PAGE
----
Hygrophilia Polysperma – Introduction
These invasive plants are one of the 2500 species identified in the Acanthus family of aquatic plants and are native to India and Malaysia. They were brought in the USA for the aquarium industry. In Florida state, the plants were introduced in 1950. Hygrophilia Polysperma is known by various other names- Dwarf Hygrophilia, Dwarf Hygro, Indian Swampweed, or Miramar weed, to name a few.
This invasive plant grows rapidly in dense colonies with water surface depth up to a level of 10 feet. It is easy to grow and therefore is a popular aquarium plant.
As and more is being discovered about this plant, it is now known to be Florida’s one of the most invasive plants and doesn’t do good to the aquatic ecosystem. Its increased growth triggers increased sediment levels which pose to be harmful to the marine ecosystem. The plant is capable of altering flora and fauna of the ecosystem in which it thrives.
It’s rapid adaptability and resource acquisition has become a danger even for the fishes as oxygen levels and other important nutrients decrease.
Identification of Hygrophilia Polysperma
Due to the innumerable threats posed by this invasive plant, it is essential to identify them. Below are the characteristics unique to Hygrophilia Polysperma:
- The leaves are elliptical, dimensions being – approximately 8 cm length and 2 cm breadth.
- Their growth direction is along the stem towards the opposite side and has sharp ends. It is one of the key features in identifying this invasive plant.
- The arrangement of the leaves is immobile and is directly attached to the base. The bases are joined at the node by ciliated tissue flanges.
- The color of the leaves ranges from green to brown to reddish.
- The color of its flowers is blue-white to white.
- The flowers of this invasive plant are hidden by the leaves and are generally found in the uppermost leaf axils.
- Flowers grow from the axils where the leaves meet the stems.
- The flower is a 5-lobed calyx, along with two-lobed upper lips and three-lobed lower lips.
- The stems are generally 6 feet or longer.
- The stems are brittle and can easily be fragmented.
- Primarily, it is a submersed rooted plant, but in shallow areas, can exist as an emersed plant.
- The uppermost, emersed part of the stems is square in shape.
- There are multiple roots stemming from stem nodes.
- Even an isolated leaf of the plant is enough to replicate and rise as an entirely new plant.
Fruits and Seeds
- The fruit is a narrow shaped, hairy capsule, 6-9 mm in length.
- In one capsule, 20-30 tiny seeds can be released while splitting it open along the length.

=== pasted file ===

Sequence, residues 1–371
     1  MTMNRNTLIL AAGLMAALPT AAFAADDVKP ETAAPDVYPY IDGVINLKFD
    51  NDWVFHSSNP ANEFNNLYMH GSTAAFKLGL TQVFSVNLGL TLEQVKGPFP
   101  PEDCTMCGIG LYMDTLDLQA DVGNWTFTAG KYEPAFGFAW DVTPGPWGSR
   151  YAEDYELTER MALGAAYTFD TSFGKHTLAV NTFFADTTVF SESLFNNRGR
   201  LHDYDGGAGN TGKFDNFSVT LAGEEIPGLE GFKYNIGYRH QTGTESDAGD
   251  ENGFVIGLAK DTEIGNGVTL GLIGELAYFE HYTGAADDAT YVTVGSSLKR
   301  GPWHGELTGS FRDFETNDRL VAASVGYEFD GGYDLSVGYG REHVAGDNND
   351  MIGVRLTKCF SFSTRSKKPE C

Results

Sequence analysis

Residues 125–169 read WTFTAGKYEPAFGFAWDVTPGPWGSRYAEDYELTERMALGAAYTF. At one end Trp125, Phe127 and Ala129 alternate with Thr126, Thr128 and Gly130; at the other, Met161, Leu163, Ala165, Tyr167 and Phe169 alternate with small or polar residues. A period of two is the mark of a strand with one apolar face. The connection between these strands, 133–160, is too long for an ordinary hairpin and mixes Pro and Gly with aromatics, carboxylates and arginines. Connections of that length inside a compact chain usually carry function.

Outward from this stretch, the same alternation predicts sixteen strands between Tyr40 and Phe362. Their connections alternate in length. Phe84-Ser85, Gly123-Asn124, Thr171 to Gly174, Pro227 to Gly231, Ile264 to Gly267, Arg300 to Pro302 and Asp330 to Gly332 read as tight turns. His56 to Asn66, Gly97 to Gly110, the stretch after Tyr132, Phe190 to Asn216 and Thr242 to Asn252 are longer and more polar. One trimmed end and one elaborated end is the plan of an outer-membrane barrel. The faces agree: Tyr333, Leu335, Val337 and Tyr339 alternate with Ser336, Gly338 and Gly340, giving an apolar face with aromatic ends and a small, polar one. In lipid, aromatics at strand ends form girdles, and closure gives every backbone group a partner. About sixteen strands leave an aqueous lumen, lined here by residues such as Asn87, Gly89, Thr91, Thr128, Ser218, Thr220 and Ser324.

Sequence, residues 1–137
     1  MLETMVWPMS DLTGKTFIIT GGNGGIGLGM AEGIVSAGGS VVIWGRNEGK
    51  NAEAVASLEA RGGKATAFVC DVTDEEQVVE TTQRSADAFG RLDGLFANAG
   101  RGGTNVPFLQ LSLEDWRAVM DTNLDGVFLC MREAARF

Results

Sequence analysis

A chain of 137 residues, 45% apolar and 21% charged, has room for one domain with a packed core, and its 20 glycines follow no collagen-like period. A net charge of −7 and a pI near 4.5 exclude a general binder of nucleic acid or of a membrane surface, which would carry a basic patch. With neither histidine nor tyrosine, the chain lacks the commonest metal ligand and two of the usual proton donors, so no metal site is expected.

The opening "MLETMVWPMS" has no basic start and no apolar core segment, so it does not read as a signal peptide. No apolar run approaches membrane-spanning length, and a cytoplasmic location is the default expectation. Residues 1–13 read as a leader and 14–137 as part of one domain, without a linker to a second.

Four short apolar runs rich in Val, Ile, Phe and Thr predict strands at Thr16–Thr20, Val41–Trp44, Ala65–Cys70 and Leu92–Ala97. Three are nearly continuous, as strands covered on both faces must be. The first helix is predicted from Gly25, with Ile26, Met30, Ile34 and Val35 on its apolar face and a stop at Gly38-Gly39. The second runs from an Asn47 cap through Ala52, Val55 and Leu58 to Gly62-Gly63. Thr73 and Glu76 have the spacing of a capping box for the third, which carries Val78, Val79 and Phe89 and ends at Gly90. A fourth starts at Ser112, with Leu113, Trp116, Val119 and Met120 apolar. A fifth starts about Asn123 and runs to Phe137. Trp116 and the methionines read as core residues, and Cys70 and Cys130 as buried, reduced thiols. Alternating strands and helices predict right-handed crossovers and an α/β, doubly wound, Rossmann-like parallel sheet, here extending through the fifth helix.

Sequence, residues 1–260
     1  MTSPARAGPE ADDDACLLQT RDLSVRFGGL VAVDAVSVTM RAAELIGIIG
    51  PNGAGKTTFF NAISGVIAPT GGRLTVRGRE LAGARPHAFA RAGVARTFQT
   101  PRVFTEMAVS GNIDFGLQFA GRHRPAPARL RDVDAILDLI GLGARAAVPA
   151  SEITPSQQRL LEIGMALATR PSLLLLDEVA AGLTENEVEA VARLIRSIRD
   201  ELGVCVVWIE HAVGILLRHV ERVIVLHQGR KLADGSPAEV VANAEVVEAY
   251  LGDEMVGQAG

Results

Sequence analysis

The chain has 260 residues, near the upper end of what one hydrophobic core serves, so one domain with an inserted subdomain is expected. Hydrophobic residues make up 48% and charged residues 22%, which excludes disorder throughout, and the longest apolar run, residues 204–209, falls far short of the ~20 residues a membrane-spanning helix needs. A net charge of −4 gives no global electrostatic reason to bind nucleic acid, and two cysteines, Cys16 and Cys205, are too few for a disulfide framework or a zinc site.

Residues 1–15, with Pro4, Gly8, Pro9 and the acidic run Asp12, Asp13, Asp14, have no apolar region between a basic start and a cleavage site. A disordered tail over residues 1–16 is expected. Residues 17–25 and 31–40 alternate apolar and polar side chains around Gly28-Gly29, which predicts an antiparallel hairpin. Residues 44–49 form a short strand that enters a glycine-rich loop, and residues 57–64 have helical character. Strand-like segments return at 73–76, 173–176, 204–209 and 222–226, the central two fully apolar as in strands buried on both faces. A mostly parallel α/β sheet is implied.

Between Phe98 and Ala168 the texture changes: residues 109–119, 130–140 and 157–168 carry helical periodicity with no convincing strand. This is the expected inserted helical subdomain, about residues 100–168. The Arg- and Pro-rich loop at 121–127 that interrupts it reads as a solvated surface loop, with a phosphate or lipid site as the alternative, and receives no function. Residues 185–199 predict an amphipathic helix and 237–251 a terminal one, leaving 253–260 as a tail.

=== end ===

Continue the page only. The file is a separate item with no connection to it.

- The size of each seed is around 0.4-0.62 mm in length, 0.3-0.5 mm in width, and 0.002-0.06 mm in thickness.
The identification of this noxious weed might be a bit of a problem due to its similarities with other aquatic plant species. Some of them are Ludwigia Repens, Alternanthera Philoxiroides, Hygrophilia Costata, etc.
Invasive Plants status in Florida and the rest of US
As mentioned, this invasive plant grows in dense colonies and sometimes also creates irrigation pipe blockages, or hampers water connectivity-related services.
To combat this problem, the USA implemented the Federal Noxious Weed Act and listed Hygrophilia Polysperma as a noxious weed.
How to Control Miramar Weed
There are various ways through which the growth of this plant can be controlled:
Non-Herbicide Management Options –
- Physical management options – This includes using non-toxic dyes and colorants to limit the exposure of sunlight, which is essential for the hygrophilia to grow. It also includes mechanical devices to chop off the fragments, thus putting an end to its growth.
- Biological management options – There are unknown biological management options, the research on which is still being carried out.
Herbicide Control Options – Based on herbicide trials, few of the active ingredients have been successful in controlling the growth of hygrophilia polysperma, which are:
While handling such chemicals, it is important to note that chemicals are known to restrict oxygen supply in the ponds and lakes, thus proving to be fatal for the marine species. Aeration during night time for days at a stretch can be worth considering.
Another common problem observed in using these herbicides is finalizing the area of pond or the area to be treated as the fragmented roots, stems, leaves, flowers, seeds can re-grow and rapidly multiply.
At Mettauer Environmental, we take pride in educating the community about such environment-related issues and how to tackle these effectively and efficiently while causing no harm to the aquatic species and healthy plants. Feel free to contact us and discuss shoreline management, environmental restoration, invasive plant management, and other related topics.